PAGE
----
The day this week that we met with the Polish Piotr Dukaczewski had no game. I needed to rest after an intense competitive day. “It’s very tough this tournament for me. There are a lot of very good and young players,” he says, half laughing. The tournament he refers to is the Llobregat Open Chess that is being held in Sant Boi – “the strongest open tournament in Europe”, as Miguel illescas says- and that this Friday brings the curtain down. Of the 240 participants, Piotr is the last in the ranking. He is also the only one who is blind. (Originally published in El Periodico at https://www.elperiodico.com/es/deportes/20231207/dukaczewski-invidente-desafia-grandes-ajedrez-sant-boi-95542225)
“Normally, I play against players who have a handicap. It’s easier because we all have the same kind of problems. Here I need a lot of concentration and strong fitness to perform accurately after three or four hours of play. It’s tough but at the same time it’s good training even if I lose,” he explains.
Piotr Dukaczewski, in Sant Boi. / LLOCH
Dukaczewski, almost 59 years old, has been one of the best blind chess players in the world. He has a world title, several sub-championships, several participations in the chess olympics and champion in numerous times in his country for visually impaired players. His peak performance days are long behind him. Even so, he dares to take on teachers and young prodigies without visual impairments.
He says he has been playing for 50 years. His father, an amateur player, taught him at the age of 7 and he was immediately fascinated. However, when he was 9 years old he suffered from toxoplasmosis, an infection that gradually left him completely blind. He continued to play open games, but soon discovered that there is a historic tradition between chess and the sightless. “At first I played normal tournaments with memory; after a while I needed a special board. And I discovered tournaments for the blind.”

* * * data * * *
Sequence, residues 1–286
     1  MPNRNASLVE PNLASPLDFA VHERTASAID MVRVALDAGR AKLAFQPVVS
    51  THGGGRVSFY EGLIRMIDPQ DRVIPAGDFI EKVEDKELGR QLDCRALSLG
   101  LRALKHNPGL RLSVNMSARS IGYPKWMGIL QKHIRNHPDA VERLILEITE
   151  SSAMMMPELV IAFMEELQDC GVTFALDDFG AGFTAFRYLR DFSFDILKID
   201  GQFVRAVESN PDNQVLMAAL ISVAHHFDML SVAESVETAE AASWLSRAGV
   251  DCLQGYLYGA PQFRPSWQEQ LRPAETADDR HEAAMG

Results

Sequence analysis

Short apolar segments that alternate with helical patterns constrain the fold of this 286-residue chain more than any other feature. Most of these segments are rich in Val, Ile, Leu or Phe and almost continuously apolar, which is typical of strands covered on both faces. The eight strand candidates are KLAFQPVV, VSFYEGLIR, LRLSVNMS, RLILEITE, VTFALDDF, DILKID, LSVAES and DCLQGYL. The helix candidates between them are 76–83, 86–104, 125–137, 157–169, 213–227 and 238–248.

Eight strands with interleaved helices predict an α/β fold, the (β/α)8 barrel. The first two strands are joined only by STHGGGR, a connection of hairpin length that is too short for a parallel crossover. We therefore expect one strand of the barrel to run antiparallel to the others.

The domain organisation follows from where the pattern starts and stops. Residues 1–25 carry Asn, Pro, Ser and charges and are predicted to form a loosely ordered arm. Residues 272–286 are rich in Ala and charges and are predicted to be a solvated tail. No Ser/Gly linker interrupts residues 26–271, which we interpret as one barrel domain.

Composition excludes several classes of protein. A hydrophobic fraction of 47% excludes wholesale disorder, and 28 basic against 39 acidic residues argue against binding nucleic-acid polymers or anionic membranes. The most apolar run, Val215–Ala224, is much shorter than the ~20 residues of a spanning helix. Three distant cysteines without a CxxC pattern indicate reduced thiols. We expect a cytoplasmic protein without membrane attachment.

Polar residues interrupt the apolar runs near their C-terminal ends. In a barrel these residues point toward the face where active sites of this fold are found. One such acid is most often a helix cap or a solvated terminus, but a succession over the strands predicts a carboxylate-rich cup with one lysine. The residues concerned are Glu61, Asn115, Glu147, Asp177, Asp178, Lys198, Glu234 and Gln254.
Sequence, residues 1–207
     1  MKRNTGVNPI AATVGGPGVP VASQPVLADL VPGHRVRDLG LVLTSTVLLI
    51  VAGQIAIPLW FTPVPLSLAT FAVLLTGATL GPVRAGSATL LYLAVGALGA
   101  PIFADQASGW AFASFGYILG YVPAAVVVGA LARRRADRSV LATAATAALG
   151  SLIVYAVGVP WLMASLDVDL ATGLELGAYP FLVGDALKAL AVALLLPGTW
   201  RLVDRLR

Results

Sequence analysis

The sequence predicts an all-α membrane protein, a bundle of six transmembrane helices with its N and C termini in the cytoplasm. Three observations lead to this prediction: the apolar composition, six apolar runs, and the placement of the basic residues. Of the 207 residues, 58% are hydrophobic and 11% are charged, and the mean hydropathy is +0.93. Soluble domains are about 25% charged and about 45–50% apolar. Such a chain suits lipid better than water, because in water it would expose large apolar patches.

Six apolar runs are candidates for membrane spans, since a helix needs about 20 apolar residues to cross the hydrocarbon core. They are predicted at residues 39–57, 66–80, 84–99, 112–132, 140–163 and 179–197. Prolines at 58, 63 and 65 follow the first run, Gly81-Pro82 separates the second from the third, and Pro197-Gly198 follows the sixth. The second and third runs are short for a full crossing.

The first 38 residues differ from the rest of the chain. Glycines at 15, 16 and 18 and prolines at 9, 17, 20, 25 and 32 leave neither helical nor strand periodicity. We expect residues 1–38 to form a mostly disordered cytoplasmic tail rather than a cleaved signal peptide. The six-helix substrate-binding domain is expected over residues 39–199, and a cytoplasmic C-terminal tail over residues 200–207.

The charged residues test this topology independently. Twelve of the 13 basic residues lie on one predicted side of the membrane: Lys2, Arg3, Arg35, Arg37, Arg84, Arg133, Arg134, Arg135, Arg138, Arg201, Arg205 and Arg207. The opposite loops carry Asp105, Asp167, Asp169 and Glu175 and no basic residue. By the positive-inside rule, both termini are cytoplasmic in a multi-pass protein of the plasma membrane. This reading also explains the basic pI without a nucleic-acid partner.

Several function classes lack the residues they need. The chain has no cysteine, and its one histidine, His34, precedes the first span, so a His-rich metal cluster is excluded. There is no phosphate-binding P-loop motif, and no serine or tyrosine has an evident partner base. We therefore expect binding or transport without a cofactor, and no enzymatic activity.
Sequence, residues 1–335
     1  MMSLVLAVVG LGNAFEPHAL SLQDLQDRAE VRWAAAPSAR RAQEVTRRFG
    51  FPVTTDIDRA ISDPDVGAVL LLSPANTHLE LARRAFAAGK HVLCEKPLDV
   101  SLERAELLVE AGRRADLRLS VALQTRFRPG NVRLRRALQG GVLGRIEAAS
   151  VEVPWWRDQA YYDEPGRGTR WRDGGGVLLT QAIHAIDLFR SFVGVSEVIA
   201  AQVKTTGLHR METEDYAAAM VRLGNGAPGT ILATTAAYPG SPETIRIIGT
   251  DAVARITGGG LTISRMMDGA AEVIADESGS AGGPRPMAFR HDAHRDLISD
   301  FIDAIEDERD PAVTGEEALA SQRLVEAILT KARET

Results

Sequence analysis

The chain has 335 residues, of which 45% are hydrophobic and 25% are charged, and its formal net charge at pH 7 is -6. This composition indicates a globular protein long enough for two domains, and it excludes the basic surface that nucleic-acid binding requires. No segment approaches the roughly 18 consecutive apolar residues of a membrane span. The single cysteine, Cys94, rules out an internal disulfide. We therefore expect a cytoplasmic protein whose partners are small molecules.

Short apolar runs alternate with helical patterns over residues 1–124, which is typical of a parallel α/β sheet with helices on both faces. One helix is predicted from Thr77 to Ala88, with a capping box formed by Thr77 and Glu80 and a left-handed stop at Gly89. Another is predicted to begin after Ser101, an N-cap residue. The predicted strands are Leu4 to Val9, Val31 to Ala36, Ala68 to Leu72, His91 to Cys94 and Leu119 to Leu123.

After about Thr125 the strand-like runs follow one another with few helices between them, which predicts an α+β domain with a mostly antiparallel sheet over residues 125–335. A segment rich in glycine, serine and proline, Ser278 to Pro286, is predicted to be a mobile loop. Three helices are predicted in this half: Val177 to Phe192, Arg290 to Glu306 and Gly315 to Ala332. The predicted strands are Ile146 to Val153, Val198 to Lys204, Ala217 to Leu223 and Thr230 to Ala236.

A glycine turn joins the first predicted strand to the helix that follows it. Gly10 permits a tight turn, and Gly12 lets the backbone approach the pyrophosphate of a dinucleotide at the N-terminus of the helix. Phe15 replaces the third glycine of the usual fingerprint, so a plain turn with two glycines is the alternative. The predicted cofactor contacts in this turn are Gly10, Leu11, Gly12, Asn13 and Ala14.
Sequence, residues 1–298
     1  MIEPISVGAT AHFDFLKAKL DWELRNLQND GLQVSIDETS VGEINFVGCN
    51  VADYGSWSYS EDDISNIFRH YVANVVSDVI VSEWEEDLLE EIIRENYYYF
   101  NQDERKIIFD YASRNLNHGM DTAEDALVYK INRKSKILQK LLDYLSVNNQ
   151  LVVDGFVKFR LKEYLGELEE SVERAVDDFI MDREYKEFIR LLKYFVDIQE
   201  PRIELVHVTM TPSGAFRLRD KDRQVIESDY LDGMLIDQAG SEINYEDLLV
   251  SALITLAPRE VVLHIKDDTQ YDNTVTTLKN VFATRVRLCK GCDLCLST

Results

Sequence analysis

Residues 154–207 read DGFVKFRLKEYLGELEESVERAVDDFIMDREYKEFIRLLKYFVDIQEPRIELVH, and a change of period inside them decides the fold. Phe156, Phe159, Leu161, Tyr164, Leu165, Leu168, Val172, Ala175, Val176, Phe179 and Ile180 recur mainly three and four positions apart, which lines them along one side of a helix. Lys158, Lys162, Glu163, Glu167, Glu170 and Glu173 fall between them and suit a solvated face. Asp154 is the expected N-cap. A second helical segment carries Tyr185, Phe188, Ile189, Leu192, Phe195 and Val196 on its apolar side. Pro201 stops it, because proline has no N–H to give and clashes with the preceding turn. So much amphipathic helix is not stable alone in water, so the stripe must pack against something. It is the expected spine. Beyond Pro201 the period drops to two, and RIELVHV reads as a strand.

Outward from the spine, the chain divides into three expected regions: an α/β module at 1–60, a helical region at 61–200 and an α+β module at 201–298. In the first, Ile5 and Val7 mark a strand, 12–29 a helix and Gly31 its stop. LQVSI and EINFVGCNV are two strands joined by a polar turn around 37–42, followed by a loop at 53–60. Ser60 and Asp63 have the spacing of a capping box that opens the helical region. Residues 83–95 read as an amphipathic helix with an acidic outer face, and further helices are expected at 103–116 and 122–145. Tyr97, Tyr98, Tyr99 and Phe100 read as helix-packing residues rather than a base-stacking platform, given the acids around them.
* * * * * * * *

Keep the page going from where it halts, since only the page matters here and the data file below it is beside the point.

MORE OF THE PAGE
He shows us his board. “I’ve had it since I was a kid.” Each piece has a different shape on the head that allows you to recognize them by touch and each square has a hole for nailing the pieces. “I have the board in my mind. I can play without a board, just saying the moves, that’s not a problem. Formally it’s necessary, even if it’s for arbitration. But, of course, without a board I need more effort to concentrate. It’s easier for me if I can touch the pieces from time to time.”
Piotr Dukaczewski / ELISENDA PONS
In general, their games are played with two boards. His own, which he alone touches, and that of his opponent, without the special conditioning. And they verbalize their movements. Sometimes the opponent prefers not to communicate at all. You know how special these geniuses can be. Then you need an assistant to move the pieces on your own board.
I work for an NGO
If someone wonders if he could put a blindfold on a great master in the world, Dukaczewski would answer conclusively no. They also have the board in their heads. “And they analyze variations very quickly and very accurately. For blind people, it’s impossible to get to that level.”
No, a blind man could never be world champion. “Although we can play good games against grandmasters. When they are very advanced and the clock is ticking we make mistakes more often because we need more time to think about the situation and analyze the variations. The same in the process of training and practicing. We need more time to take in the same level of information.”
He says that in his semi-professional days he trained three or four hours a day. “Now it’s three or four a week.” And he laughs. In Warsaw he works in an NGO for the disabled that undertakes projects in education, sports, rehabilitation and the like and has been vice-president of the International Braille Chess Association (IBCA). He leaves Sant Boi with a bag of defeats, but the spirit of improvement intact.